The author begins by splitting equity into the value of the default option and the rest (E=D+S); nothing profound so far. But next he does two important things.
- He shows how to allocate D in an additive manner. This additive allocation of D avoids the homogeneity problem noted for Myers-Read.
- He shows that you only have to allocate D in order to price insurance policies and that there is no natural allocation for S. However, since you only have to allocate D to price, what does it matter if you cannot allocate the remaining capital? It has no economic meaning!
Sherris' allocation of D follows Phillips et al.'s ground-breaking 1998 JRI paper; in-fact the allocation method is already implicit in Phillip's paper. The idea is to allocate D according to the call on assets that each line has in the event of insolvency. It is easy to see this is an additive allocation, and it will allocate capital to arbitrary subdivisions of the book: by-line, by-business unit, or even by-policy. It is just a co-measure allocation, per Kreps. Sherris makes the very important point, missed by MR and others (including me), that to extend from an allocation of D to an allocation of E, while very tempting, is inappropriate and rests on assumptions which typically do not hold.
Thoughtlessly extending the allocation from D to E can lead to counter-intuitive results. Consider a large multi-line insurer with a concentration in Workers Compensation, but which also has a substantial property book. For such a carrier, a property catastrophe is the most likely immediate trigger for an insolvency, but even a large cat will generate total losses which are relatively small compared to the outstanding workers compensation reserves---because of the latter's very long payout tail. Using the equal priority rule for allocating assets under insolvency WC will get allocated most of the capital charge whereas the real culprit, cat lines, will get a relatively small capital allocation. Sherris solves this apparent paradox: only the default option D can be allocated like this, not all of the surplus.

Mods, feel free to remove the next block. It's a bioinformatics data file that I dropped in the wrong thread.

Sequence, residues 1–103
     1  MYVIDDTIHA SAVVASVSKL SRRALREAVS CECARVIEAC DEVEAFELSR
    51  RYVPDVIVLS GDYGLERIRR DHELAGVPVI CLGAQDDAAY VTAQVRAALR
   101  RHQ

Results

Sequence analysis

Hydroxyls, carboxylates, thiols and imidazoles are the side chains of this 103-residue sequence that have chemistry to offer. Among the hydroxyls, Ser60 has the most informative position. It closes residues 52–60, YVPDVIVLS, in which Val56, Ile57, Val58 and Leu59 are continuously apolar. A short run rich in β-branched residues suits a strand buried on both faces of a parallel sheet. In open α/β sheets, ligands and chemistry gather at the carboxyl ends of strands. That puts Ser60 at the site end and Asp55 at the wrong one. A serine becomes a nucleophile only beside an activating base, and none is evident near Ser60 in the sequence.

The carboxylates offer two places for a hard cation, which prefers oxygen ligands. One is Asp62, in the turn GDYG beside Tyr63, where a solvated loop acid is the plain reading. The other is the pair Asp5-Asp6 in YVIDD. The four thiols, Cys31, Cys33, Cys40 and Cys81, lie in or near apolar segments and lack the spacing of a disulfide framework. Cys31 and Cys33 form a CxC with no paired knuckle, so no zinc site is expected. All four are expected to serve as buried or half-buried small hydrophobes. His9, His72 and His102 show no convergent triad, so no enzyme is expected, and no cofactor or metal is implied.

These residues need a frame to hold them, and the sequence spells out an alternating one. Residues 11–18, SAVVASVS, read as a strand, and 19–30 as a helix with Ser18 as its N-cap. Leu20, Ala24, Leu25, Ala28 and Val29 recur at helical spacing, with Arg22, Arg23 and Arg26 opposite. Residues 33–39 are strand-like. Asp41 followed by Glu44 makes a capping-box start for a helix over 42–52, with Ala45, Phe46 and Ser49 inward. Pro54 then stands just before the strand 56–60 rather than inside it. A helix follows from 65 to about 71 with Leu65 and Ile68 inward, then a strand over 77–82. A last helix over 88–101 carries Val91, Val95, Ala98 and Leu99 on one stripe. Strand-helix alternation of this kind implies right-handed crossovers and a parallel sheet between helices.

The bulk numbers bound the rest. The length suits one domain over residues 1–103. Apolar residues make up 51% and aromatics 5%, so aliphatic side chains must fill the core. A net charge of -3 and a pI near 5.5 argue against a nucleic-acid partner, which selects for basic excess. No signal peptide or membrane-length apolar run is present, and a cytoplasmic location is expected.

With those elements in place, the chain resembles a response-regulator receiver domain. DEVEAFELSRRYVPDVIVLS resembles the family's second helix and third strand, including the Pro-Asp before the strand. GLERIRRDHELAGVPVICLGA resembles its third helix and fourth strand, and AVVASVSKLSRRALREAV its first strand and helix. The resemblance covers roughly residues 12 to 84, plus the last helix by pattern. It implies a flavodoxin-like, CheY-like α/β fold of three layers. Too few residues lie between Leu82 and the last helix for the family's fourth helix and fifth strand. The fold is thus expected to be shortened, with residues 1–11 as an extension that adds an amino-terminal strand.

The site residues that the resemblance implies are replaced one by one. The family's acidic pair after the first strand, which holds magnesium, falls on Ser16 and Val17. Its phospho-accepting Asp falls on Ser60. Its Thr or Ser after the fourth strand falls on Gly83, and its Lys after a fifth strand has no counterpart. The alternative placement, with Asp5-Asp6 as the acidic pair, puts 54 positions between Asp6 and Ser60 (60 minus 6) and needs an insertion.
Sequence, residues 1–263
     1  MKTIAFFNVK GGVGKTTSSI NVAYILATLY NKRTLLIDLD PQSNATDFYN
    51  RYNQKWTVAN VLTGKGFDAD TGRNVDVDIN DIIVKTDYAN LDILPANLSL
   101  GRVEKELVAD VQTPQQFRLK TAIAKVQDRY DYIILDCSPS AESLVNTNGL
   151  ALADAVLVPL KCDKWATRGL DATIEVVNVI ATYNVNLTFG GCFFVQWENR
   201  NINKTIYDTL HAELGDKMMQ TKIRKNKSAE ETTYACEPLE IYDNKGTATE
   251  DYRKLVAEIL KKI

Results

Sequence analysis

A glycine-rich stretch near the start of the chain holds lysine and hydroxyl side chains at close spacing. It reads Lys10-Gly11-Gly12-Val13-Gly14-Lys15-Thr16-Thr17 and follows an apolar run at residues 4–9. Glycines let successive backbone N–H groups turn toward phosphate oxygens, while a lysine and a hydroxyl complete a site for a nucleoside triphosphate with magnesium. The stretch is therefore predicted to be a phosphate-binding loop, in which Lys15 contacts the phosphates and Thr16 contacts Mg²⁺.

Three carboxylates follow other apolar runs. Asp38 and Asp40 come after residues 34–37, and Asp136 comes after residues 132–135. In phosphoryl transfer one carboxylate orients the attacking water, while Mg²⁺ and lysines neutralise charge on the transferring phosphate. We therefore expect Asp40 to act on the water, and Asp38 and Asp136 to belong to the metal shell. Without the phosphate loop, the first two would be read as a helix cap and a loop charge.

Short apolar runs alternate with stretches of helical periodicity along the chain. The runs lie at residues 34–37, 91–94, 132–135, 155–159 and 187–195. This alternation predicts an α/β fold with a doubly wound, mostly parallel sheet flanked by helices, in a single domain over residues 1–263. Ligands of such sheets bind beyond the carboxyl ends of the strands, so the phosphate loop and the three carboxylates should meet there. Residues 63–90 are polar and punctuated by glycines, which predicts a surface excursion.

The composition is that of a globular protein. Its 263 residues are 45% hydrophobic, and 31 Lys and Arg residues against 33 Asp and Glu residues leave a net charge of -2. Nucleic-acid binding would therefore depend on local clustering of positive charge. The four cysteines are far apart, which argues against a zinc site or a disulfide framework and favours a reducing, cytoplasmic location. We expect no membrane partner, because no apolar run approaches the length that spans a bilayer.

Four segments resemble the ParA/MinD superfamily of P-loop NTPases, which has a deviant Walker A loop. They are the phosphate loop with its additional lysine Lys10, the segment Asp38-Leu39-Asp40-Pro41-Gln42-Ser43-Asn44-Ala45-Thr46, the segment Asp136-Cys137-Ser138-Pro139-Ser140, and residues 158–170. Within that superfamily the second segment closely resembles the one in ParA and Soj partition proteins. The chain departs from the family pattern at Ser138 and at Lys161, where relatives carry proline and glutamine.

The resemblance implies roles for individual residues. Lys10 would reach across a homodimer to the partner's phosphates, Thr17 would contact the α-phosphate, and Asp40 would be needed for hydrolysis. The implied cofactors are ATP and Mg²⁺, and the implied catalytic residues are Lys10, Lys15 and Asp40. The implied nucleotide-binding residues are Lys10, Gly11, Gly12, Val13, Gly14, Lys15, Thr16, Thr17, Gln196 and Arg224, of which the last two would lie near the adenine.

Sherris' paper raises an another interesting issue. We can think about capital allocation in two parts. The first part is capital allocation conditional upon end of period solvency. The company loses some money but remains solvent; this is a kind of smoothing capital. The second part is capital allocation given end of period insolvency. Phillips and Sherris have categorically answered the second question: you allocate based on expected recovery by line. If you think about a scenario-style analysis where you have a grid of simulations with losses by BU in each row, then what I am suggesting is that a different allocation is in order for the cases where you lose money but stay solvent vs. the last few scenarios where you actually become insolvent. For example, when you remain solvent it is legitimate to use expected future profits to offset losses in some lines or units. When an total insolvency occurs you can no longer count on future income.